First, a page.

Tuesday, November 25, 2014

Art for Africa ~ "Shine", a Painting about Identity

"Shine" 6x6 canvas by Sandra Martin

UPDATE: This painting is SOLD to a gracious donor in North Carolina. 

When I shared about the charity auction on Sunday, I promised to tell the story behind each painting in the fundraiser. Today I want to highlight "Shine", a painting I did last fall during a personal "mini retreat."

Like all the paintings I've chosen for the charity auction, this painting is an expression of my spiritual journey as well as my heart and emotions. It was created in a spontaneous way to reveal issues in my past that affected not only how I felt about myself, but how I viewed the world and other people.

I created this work as part of a class assignment that focused on inner healing for artists. We were to pick a time in our life when we felt our identity...the core of who we were as a person and artist, was attacked. This could be anything...a painful event or memory that causes us to retreat...to hide who who we truly were. It didn't matter how big or small the attack was. If it was significant enough to change our behavior to "fit in" or be more acceptable, then it was important.

During the painting, I felt the problems reveal themselves but then I also experience hope and transformation in the process. Sometimes when we bring issues to light in our heart and expose them, then we can deal with them and begin to heal and move on. My event focused on how people have made fun of me at different times when I wear yellow. It sounds funny, but it's happened more than once and each time I felt that it was attacking part of my identity. It caused a shift in my way of dressing. In high school I tried to do some kind of Hunger Games camouflage and blend into the walls with earth tones and drab colors. I wouldn't wear any clothing that made me stand out in the crowd. I have a photograph somewhere where I'm standing behind a small tree peeking out of the branches, wearing a yellow shirt, showing my attempt to hide from the world.

I remember when I taught daycare, the supervisors handed out t-shirts for a musical we were putting on with the kids. There were a variety of colors, but the supervisor handed me a loud yellow shirt. I wore it to the performance and sometimes to work afterwards. I felt good in that yellow shirt, and liked the title of the preschool musical, "Grow Me Up Like You, Lord." Little handprints surrounded the words. I remember wearing it when I visited some relatives I hadn't seen in ages. I was teased but some of it was done in a mean-spirited way as well. I felt crushed again, and secretly vowed I wouldn't wear yellow again...just as I'd done in school.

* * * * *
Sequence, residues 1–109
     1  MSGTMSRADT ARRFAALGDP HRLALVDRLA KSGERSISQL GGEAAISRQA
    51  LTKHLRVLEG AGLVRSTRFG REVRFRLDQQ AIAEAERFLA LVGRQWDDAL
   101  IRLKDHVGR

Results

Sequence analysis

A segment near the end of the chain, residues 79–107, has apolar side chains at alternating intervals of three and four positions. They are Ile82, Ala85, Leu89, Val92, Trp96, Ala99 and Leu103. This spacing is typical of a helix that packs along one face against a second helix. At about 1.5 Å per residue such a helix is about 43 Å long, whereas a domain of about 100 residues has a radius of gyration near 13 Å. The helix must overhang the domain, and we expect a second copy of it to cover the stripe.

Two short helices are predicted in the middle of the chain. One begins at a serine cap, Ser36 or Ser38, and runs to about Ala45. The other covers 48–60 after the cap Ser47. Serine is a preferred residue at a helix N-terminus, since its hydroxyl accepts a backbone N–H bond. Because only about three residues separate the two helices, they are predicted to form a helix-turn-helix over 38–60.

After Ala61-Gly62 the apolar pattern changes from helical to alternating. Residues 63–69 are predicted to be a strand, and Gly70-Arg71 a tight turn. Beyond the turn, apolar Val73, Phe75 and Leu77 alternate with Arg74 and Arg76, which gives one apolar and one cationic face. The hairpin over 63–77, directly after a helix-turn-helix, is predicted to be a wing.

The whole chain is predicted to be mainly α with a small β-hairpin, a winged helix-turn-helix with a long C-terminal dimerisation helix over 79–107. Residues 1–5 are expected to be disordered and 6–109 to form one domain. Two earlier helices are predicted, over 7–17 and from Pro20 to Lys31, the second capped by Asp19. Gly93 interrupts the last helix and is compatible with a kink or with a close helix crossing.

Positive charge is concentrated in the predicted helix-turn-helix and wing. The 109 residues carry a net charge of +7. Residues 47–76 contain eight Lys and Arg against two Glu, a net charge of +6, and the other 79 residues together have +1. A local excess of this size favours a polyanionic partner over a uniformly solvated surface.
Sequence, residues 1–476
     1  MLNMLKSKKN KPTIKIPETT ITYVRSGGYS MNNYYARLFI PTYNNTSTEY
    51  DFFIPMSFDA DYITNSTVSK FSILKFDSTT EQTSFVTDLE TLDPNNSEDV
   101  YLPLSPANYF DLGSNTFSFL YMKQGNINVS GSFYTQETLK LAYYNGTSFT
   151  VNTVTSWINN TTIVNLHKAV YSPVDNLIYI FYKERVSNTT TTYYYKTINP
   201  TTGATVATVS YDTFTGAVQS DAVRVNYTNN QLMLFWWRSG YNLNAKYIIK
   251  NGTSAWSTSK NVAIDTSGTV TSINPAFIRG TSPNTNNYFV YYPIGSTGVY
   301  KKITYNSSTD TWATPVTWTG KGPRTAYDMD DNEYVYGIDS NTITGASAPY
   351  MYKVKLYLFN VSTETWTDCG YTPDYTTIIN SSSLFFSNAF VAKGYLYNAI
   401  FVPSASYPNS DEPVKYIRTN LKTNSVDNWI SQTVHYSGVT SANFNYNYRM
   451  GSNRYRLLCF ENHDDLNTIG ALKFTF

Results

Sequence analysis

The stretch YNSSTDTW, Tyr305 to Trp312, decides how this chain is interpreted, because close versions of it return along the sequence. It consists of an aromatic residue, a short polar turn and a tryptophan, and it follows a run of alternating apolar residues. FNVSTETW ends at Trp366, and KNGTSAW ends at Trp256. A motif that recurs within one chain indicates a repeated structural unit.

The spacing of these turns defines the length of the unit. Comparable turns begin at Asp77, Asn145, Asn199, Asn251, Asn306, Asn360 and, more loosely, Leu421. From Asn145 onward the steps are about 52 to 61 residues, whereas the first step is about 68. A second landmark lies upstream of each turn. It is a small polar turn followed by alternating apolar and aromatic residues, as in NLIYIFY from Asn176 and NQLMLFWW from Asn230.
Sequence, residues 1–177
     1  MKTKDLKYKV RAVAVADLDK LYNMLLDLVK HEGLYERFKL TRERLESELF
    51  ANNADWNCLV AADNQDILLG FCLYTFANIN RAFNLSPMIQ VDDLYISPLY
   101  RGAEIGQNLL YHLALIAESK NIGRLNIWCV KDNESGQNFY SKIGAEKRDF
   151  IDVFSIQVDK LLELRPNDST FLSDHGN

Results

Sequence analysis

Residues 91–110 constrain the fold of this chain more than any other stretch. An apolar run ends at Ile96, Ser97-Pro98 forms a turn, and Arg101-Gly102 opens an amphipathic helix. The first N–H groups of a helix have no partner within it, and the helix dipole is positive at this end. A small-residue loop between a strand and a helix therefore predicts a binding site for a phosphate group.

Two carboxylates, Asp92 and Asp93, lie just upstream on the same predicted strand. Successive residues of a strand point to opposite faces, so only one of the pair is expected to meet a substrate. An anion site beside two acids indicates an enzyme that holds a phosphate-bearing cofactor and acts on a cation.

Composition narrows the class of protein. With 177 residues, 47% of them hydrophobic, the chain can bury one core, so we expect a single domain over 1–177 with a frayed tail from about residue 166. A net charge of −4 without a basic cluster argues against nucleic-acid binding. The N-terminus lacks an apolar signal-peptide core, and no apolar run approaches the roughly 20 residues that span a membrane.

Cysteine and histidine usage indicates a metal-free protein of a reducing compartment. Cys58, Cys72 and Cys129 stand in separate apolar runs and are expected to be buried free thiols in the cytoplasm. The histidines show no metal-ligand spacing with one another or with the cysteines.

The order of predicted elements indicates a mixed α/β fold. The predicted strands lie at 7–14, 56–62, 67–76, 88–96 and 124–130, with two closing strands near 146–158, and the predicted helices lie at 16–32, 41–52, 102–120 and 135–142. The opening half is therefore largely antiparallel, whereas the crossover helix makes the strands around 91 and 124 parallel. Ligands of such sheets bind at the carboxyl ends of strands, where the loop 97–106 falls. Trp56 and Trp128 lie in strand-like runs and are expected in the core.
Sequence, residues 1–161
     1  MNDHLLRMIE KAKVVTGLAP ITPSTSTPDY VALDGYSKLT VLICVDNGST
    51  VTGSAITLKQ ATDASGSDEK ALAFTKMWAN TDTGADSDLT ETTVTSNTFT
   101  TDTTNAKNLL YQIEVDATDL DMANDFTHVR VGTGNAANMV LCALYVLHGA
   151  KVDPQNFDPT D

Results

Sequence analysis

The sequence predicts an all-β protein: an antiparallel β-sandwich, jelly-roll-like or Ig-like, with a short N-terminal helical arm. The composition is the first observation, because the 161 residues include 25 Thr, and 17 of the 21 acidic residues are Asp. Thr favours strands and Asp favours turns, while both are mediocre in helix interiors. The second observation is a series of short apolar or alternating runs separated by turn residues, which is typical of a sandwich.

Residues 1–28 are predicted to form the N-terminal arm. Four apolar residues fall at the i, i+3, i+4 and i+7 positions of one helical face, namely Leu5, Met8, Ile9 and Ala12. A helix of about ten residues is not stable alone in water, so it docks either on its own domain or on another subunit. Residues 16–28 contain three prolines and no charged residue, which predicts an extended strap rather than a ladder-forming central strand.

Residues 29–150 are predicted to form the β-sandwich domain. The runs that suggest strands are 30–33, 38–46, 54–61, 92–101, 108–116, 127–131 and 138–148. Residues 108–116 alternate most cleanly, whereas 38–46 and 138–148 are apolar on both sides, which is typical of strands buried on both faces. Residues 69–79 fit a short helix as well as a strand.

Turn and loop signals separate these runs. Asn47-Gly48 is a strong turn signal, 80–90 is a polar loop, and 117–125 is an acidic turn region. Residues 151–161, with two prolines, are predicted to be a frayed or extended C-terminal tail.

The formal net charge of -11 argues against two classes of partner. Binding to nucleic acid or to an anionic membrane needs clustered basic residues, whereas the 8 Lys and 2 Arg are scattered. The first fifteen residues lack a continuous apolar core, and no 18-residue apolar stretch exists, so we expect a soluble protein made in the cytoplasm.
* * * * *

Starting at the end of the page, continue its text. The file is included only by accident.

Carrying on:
The root of the issue behind these seemingly small events wasn't the fact that some people abhorred yellow and "loud colors." Everyone has their tastes. It was the more the voice of the inner critic that surfaces when these things happened. I felt unworthy, unattractive, clownish...that I'd committed a fashion faux pas. I felt I needed to tame down my love of bright color and pattern to please other people, even though it made me feel good inside and out.

I explored this idea in the painting through the image of the dress. At first the dress is soiled, but I added more transparent colors until the dress shone and covered over some of the ugliness of unkind comments and feelings of unworthiness. The ghostly dress in the painting, representing me, is in a position of moving forward...not looking back at the past. This painting exploration taught me to recognize the lessons I've learned in the past, but to not allow myself to be planted in a place of anguish and despair. I also recognized that even out of painful lessons and events of the past, I can still find good things I can carry into my future. And I also learned I don't need to be afraid to shine.

I wrote more in depth about this painting, including the faith elements and Scriptures that were woven together in this painting on my other blog. You can read more here if you wish.

Don't forget to check out the auction and also stay up to date on my artist page on Facebook.
(UPDATE: Auction is now closed.)